You might find that your biggest challenge is keeping everyone to a time schedule so you can cover every behavior. Be flexible with your timing. Don’t rush through valuable conversations. Allow (or create) opportunities for follow-up. If you're more comfortable delivering an instruction-based, instructor-led training, you might want to hire a facilitator instead of running sessions yourself.
Team leaders should not act as the facilitator for this training. They need to be part of the team, experiencing the facilitation and training.
5. Do I need to cover all five behaviors?
We recommend against skipping over any of the five behaviors. They are each important and build upon each other. In fact, we recommend spending more time on Trust than on the other behaviors. Because each behavior builds on the previous one, and incorporates it, we believe they should not be addressed in isolation of one another. However, if you're facing major time constraints, spend your time on Trust and Conflict. (After the team experiences the impact of these modules, you might get approval and resources to complete the program.)
6. How does the team I'm working with compare to other teams?
The Five Behaviors of a Cohesive Team Annotated Report will provide you with the average score for each assessment response. These averages are currently based on the responses from more than 5,000 teams. This information is not presented on the profiles available to each team member.
Five Behaviors of a Cohesive Team Annotated Team Report
7. Do names appear in the reports?
Full names do not appear anywhere in the reports; individual responses are shown but not identified by respondent. Team members will learn the DiSC® styles of each of their colleagues.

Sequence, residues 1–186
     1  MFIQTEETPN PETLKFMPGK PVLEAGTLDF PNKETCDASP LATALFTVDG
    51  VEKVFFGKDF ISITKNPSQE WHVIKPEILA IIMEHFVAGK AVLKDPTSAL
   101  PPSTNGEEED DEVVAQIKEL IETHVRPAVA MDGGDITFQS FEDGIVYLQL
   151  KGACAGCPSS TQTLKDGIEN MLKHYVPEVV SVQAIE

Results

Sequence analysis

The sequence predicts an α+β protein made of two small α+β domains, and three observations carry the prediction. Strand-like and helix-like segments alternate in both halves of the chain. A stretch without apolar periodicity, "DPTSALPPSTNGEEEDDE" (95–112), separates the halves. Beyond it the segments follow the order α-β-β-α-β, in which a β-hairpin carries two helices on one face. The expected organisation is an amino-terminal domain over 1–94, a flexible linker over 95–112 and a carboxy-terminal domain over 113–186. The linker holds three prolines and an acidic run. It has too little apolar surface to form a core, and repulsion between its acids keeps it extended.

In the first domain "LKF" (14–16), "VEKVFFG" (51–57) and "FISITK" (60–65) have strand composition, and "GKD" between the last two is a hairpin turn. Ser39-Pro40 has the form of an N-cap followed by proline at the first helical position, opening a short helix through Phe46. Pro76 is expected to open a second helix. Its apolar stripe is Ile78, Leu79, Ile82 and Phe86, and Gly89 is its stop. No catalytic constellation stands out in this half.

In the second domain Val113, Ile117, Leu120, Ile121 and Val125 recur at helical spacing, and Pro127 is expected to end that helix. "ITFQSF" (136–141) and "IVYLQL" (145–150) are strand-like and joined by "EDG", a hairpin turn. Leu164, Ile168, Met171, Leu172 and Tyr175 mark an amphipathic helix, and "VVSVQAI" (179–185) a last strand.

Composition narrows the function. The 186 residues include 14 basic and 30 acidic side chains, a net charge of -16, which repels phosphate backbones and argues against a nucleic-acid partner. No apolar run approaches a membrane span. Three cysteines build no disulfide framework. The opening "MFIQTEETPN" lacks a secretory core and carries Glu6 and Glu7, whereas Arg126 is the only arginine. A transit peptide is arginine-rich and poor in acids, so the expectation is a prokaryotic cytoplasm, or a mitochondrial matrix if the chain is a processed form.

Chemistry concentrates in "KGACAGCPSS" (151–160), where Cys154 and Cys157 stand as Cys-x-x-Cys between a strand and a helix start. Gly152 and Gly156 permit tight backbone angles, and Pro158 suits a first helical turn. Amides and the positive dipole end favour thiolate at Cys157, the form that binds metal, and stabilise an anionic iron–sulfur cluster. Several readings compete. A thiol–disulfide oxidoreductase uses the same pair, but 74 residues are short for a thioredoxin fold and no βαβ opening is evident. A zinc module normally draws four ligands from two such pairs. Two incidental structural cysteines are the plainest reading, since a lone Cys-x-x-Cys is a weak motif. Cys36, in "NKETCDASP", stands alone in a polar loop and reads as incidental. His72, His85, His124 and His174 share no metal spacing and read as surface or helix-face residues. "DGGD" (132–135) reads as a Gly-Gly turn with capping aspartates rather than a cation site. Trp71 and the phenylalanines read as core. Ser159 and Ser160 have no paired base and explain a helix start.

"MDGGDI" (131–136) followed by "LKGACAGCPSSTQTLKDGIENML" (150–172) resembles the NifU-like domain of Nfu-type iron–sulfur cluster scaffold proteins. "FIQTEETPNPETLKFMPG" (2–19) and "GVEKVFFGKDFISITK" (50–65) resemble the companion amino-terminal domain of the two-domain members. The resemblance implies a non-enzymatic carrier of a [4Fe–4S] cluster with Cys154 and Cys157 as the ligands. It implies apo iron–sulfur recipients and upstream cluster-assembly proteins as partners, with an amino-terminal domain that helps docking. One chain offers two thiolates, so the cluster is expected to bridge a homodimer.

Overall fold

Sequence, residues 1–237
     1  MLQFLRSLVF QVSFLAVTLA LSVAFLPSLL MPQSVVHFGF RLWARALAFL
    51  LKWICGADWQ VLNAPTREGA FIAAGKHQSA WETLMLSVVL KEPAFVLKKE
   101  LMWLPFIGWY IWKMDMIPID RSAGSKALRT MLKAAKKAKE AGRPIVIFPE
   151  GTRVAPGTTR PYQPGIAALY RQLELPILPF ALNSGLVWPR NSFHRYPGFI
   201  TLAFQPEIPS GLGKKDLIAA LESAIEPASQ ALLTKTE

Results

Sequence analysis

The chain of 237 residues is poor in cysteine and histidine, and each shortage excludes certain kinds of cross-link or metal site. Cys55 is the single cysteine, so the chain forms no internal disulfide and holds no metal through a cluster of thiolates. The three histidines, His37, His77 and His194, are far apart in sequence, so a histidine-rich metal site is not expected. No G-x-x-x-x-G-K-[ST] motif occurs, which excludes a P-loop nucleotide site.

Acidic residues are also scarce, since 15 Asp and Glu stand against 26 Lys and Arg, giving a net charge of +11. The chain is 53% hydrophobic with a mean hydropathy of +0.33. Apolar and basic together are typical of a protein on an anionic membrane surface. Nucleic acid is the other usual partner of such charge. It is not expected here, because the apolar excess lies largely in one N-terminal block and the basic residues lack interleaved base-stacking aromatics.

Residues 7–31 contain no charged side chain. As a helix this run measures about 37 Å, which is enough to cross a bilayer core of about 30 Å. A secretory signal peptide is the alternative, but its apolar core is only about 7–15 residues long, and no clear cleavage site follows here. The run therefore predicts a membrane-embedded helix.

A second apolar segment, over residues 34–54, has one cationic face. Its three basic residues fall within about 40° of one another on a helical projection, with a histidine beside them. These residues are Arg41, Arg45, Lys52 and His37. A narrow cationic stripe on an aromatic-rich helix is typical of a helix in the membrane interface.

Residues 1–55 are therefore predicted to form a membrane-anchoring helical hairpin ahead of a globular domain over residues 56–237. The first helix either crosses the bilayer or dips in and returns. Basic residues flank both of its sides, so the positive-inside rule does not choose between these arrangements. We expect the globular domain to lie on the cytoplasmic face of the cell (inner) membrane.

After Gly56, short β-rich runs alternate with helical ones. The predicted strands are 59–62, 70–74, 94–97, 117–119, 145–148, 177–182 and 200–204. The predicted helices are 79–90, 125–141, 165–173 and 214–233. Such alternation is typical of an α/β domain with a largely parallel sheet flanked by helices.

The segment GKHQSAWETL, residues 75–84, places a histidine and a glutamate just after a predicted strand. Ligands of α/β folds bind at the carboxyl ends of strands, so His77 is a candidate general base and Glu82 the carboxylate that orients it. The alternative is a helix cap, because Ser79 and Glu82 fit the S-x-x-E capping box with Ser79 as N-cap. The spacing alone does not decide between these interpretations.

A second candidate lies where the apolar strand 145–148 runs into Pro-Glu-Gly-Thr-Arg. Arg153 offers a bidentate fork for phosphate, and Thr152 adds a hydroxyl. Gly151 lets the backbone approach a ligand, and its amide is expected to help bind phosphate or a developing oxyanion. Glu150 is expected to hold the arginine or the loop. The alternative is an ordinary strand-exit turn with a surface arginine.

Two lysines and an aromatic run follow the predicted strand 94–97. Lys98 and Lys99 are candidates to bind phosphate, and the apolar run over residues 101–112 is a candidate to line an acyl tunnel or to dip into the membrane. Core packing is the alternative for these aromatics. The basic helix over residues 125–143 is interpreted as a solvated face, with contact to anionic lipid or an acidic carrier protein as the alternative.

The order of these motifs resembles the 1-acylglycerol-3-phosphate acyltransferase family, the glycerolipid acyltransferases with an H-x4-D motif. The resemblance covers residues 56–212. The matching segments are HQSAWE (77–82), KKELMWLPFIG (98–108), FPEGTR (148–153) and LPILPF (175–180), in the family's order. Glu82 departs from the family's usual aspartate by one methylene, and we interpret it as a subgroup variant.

8. What if I'm working with a newly formed team?
We recommend using Everything DiSC Workplace along with the Group Culture with the team before beginning a Five Behaviors program. Reviewing these will help team members quickly learn how to work with each other and provide them with a way to talk through conflicts and form their own group culture. After they've worked together a few months, introduce the Five Behaviors of a Cohesive Team to build upon what they learned through Everything DiSC training and to work on any problematic issues that have arisen, or are about to arise, on the team.
9. How many members need to complete The Five Behaviors of a Cohesive Team assessment before a report can be created?
A minimum of three participants is needed before you can generate this assessment. We do not suggest running a report until all team members have completed the assessment.
10. Is there a difference between small and large teams?
Larger teams can be harder to schedule for workshops and require more management when facilitating a discussion.
From The Five Behaviors Research Report: “In all cases where there was a statistically significant difference, the larger teams had a lower average than the smaller teams.” For example, members of larger teams seem to have a harder time being unguarded, apologizing, asking for input, and getting to know one another on a personal level.